South America, Peru, Cordillera Blanca, Huaytapallana I and Huayatapallana II, East Summit, First Ascents
Huaytapallana I and Huaytapallana II, east summit, first ascents. I first spotted the climbing potential at the top of Quebrada Rajaruri, southwest of the Huandoy Group, in 2006 while on a day trek with my wife. In 2007 Jim Sykes and I made the first ascent of Huaytapallana I, by its northwest face.
The climb gave varied and adequately protected climbing for 11 pitches on excellent granite no harder than 5.8, with most of the climbing significantly easier.
I returned in 2008 with Oliver Metherell and Jim to try to climb Huaytapallana II. On July 19 we tackled the mountain’s west face, finding excellent rock but some runout climbing. After seven pitches we were short on time and made a rising traverse to the northwest ridge, which we followed for another pitch before reaching an impasse in the form of a large gendarme. We made three rappels to the bottom of the face, and, although we finished on the ridge, it was an excellent quality climb, albeit sparsely protected at times. Copout, (560m, 10 pitches, TD+ E1 5a or 5.9 R/X).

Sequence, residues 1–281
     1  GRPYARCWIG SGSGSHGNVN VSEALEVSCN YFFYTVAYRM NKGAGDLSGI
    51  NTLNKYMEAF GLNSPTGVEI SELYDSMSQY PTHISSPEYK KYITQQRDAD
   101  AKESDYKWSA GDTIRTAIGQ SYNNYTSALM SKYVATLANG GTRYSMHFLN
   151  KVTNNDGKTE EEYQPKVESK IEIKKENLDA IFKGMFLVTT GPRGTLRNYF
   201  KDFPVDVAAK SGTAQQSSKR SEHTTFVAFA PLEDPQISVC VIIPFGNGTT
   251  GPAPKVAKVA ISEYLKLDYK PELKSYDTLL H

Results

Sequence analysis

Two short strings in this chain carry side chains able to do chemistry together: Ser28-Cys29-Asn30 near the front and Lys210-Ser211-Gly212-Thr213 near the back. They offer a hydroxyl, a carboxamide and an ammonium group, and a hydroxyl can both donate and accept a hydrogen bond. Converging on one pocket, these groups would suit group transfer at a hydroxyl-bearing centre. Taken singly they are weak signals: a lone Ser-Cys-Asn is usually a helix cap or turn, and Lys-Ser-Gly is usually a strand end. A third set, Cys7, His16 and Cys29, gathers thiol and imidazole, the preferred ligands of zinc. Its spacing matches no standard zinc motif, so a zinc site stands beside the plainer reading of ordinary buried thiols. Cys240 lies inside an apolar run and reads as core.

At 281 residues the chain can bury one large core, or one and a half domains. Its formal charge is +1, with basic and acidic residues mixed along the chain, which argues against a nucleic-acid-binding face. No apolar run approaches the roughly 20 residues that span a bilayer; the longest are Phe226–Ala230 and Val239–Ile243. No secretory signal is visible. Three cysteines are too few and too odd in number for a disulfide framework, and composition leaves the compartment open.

Jim headed down, but on the 24th Oliver and I started at dawn on the east ridge of Huaytapallana II. After an easy introductory pitch the climbing got interesting, and soon we arrived at an enormous wedged block on the col, to the right of a large tower. A narrow chimney led to the top of the block, where a steep flaky wall brought us to a perfect belay perched on the edge of the east ridge. The next pitch was the crux and the best pitch—perfect granite with just enough gear. The rest of the ridge was delightful, exposed, and airy but not too difficult. On the summit (the slightly lower east summit, 5,025m), as with the previous year’s climb of Huaytapallana I, we found no evidence of prior passage. A short scramble back the way we came brought us to a large terrace from where four rappels took us to the foot of the face just left of our previous rappel descent. Last Exit (375m, 7 pitches, TD E1 5a or 5.9R.
We have just scratched the surface, and many interesting objectives remain, some on the equally interesting-looking opposite side of the quebrada. The beauty of this area includes ease of access, perfect camping, and wealth of opportunity for moderate to difficult new routes on perfect granite in a gorgeous setting.
Anthony Barton, U.K.